Then I found eBay. I searched for trachten jackets there, and came up with several hits. They were used, but I wouldn't end up spending too much money on a case of failure. Sizing was a challenge, since the jackets are listed in European sizes. I finally settled on a used, blue trachten jacket for around $60. It was made of linen, not wool, which is pretty important, considering that temperatures would be in the 80s and 90s the first month of school.

How Do I Look?

My "uniform" this week.
It was the first First Day of School I had ever attended without wearing a tie. Response was positive. No one rolled their eyes--at least until they were behind my back. I hope it conveyed the exotic nature of being a German teacher.

It wasn't until the 2nd and 3rd days of school when it sank in to students and colleagues that I was serious about pulling this off. A few students remarked upon it--especially on Friday when I showed up to school without the jacket. I tried to downplay things. I didn't ask for people's opinion--because I wasn't wearing the jacket for that reason. I just called it "a uniform," two words that have the power to nullify people's interest, I've discovered.

I also tried to make sure that I was wearing the jacket for teaching & students. When I'm on my planning period, I leave the jacket draped over a chair and do most of my business with administrators and colleagues in shirt & slacks.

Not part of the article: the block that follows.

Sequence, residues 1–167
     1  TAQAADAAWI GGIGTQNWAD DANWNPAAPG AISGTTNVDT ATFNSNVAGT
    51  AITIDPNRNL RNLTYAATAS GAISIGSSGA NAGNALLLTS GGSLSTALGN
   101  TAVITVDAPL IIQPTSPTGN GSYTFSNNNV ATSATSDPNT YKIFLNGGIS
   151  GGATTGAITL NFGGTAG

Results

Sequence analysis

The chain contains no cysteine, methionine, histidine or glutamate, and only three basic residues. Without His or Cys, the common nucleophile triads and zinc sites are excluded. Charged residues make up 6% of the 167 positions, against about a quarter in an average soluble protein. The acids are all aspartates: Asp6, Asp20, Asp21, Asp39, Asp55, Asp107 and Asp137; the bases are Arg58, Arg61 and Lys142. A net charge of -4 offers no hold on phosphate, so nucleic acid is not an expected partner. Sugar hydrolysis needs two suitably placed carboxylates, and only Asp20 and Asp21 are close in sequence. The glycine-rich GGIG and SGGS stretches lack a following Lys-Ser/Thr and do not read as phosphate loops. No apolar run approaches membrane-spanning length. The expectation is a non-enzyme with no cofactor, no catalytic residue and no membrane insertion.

Moving to a teaching uniform has made getting up in the morning simpler for me. I don't really have to choose an outfit. I basically chose the outfits last summer. Personally, I like the way I look. This is a year that I have pivoted to focus on German teaching and building the German-American exchange, so this shows my new focus and my renewed commitment to teaching excellence.

I have ordered a second, gray/green linen trachten jacket from eBay. I think I'd eventually like to have three or four, with the same khaki pants and blue oxford shirt underneath. It's a uniform of sorts, but it's also a look that's all my own, and I'm satisfied with that.

A Final, Funny Story

A week or so ago, I had a video chat with my colleagues in Germany, the English teachers at the school that my students & I will visit next June. After we had gone over the important things about our exchange, I modeled the jacket for them. Their response was hilarious--and a little embarrassing. One teacher just gaped at the screen, trying to figure out what the heck I was trying to do. The other couldn't stop laughing.

Looking back, I probably looked to them as if someone had come onto my screen wearing a buffalo robe or a Santa Claus jacket. Our exchange school is in the Rhineland-Palatinate, on the other side of the country from the trachten jacket's alpine home.

Embarrassed at first, I eventually came to laugh, too. I spend so much time in my own head, laying out plans for silly things like "a school uniform," putting my dreams into lessons, striving--ever striving--sometimes I forget how weird I must seem to other people.

Is it at all surprising that I don't just own my weirdness every day? I wear it, too. It has become--one might say--my true school uniform.